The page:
Temasek considers investing $100 million in jeweller BlueStone: Report

Written by Chris Thomas and Yantoltra Ngoy

BENGALURU/SINGAPORE (Reuters) – Singapore state investor Temasek Holdings is considering investing $100 million in Indian jeweler Bluestone for a stake of about 20 percent, two sources familiar with the matter told Reuters.

One of the sources, who asked not to be identified, said the investment would value Bengaluru-based Blue Stone, which is also backed by venture capital firm Accel and Indian industrialist Ratan Tata, at nearly $500 million.

The potential deal could boost BlueStone’s plans to expand aggressively in India, the second-biggest consumer of jewelry after China, where demand is surging after the pandemic.

The jeweler had previously revealed plans to open 300 stores by 2024. He now has more than 150, according to his website.

BlueStone operates in a market dominated by thousands of small and large independent local jewelry stores, as well as branded outlets such as Titan-owned Tanishq and CaratLane, and Kalyan Jewellers.

Unlike many traditional jewelers, companies like BlueStone and CaratLane also offer online sales.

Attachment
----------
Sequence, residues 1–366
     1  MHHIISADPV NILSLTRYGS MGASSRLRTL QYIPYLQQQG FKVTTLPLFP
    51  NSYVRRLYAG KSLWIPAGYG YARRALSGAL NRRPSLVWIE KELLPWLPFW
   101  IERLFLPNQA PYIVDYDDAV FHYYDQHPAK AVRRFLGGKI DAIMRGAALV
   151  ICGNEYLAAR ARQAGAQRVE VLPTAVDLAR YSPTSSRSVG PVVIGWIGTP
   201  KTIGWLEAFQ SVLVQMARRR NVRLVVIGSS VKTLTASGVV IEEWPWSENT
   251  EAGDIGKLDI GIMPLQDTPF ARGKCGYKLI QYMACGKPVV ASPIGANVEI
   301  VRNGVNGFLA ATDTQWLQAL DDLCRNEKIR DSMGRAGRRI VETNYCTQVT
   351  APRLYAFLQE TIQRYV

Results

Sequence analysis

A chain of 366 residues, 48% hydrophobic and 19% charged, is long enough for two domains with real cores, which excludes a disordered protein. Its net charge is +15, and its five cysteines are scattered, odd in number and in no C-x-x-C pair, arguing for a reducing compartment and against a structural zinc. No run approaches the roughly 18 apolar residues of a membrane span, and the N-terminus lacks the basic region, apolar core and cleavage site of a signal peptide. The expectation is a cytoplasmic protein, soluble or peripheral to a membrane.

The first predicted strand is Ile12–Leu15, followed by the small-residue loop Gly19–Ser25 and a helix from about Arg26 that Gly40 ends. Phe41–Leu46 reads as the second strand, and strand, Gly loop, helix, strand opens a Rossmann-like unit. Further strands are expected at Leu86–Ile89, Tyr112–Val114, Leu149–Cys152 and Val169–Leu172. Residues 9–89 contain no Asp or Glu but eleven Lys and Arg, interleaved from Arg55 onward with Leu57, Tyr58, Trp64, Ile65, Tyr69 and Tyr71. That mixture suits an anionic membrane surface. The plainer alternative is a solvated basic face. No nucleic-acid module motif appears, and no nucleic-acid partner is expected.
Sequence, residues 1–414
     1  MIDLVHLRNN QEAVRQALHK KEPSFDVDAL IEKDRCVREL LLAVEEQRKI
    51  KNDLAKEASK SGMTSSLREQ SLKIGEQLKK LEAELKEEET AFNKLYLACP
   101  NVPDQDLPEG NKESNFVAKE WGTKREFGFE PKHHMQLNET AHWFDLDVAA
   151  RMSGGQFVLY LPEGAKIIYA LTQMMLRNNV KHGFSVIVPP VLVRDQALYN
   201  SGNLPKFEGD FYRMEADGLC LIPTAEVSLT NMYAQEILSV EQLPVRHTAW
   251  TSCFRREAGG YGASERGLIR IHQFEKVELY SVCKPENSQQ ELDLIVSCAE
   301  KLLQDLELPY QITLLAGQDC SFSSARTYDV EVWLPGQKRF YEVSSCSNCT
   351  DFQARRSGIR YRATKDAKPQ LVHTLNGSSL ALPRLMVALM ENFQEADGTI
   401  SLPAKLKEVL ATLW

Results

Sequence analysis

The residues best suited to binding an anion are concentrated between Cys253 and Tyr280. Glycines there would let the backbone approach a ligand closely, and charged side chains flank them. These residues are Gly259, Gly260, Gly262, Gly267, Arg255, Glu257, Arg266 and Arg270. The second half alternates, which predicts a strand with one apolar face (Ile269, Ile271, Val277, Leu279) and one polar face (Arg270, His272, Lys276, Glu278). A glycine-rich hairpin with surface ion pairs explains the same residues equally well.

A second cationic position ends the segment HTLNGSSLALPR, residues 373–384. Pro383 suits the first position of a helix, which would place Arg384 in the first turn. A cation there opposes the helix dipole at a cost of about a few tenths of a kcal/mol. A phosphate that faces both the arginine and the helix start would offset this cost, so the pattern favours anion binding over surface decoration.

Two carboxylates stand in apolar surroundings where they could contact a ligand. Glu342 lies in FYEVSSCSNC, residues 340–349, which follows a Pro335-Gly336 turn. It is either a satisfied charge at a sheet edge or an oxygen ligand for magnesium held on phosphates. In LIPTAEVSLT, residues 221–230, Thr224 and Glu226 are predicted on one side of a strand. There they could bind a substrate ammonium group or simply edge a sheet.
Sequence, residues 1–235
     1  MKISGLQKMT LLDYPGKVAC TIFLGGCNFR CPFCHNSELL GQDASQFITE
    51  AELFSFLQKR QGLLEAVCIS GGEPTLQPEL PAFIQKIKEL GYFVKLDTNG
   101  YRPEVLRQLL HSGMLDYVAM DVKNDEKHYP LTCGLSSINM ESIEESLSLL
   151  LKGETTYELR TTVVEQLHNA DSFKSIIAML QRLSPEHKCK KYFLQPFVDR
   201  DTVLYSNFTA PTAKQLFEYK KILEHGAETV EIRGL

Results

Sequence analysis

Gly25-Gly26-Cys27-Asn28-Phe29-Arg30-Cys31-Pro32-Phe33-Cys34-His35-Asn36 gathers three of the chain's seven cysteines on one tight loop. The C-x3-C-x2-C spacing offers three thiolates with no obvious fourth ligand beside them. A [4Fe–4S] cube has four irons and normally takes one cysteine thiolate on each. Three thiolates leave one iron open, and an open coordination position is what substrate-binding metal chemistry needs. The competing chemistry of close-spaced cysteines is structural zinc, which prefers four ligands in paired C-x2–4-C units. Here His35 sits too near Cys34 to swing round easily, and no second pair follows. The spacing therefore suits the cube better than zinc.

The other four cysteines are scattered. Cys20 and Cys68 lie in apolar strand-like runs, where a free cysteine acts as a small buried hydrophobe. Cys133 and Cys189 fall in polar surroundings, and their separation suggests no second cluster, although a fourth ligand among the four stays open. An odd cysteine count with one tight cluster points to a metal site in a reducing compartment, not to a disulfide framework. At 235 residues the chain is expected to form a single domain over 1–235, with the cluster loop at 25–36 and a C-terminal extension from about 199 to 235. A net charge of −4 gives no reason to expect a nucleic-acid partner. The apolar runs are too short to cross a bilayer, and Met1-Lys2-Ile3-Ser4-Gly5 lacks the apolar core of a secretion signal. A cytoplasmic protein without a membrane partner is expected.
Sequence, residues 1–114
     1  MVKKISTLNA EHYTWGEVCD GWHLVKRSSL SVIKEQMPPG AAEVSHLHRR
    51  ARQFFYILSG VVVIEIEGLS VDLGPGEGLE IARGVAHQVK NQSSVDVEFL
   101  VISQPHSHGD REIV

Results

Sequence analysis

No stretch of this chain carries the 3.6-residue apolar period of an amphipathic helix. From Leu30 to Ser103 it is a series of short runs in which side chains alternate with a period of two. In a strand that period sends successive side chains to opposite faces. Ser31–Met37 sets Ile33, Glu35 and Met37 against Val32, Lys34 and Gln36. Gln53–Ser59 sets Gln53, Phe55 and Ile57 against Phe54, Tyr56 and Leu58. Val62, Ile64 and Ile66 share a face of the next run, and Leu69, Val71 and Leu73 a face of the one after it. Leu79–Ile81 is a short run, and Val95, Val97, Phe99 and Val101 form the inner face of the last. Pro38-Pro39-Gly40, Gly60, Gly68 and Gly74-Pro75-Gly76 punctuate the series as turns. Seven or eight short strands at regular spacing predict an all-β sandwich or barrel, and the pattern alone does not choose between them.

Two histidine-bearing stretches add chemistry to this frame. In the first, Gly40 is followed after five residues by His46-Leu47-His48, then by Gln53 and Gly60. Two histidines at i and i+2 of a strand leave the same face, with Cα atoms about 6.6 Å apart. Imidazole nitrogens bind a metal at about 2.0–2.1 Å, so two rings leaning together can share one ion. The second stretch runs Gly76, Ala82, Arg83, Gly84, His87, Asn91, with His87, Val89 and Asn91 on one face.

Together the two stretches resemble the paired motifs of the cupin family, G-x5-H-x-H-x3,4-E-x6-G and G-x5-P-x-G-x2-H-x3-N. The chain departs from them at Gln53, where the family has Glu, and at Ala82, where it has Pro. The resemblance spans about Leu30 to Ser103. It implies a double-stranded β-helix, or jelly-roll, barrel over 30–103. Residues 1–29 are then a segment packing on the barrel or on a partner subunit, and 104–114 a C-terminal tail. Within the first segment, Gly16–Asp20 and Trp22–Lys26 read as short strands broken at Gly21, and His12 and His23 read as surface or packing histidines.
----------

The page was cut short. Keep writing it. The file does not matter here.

While Temasek was previously reported to be interested in investing in Bluestone, Reuters is the first to provide details of the investment amount, potential valuation and other financial details of the potential deal.

One source said Temasek is doing due diligence on the deal and a deal could be concluded as early as July to September if the talks are successful.

BlueStone CEO Gaurav Kushwaha did not immediately respond to a Reuters request for comment, while Temasek declined to comment.

Temasek has been investing $1 billion annually in India for the past six years, and its primary exposure to India is $16 billion, which is more than 5% of Temasek’s global portfolio of $297 billion, Indian company chief Ravi Lamba told The Economic Times last month.

Deal talks also come at a time when many Indian start-ups have been struggling to raise new cash, forcing them to delay IPOs and lay off employees as investors question their sky-high valuations. Startups raised just $2 billion in the first quarter of 2023, down 75% from the same period last year, according to data firm CB Insights.


(Reporting by Chris Thomas in Bengaluru and Yantultra Ngoi in Singapore; Editing by Kim Coghill)

(Only the title and image for this report may have been reworked by the Business Standard staff; the rest of the content is generated automatically from a shared feed.)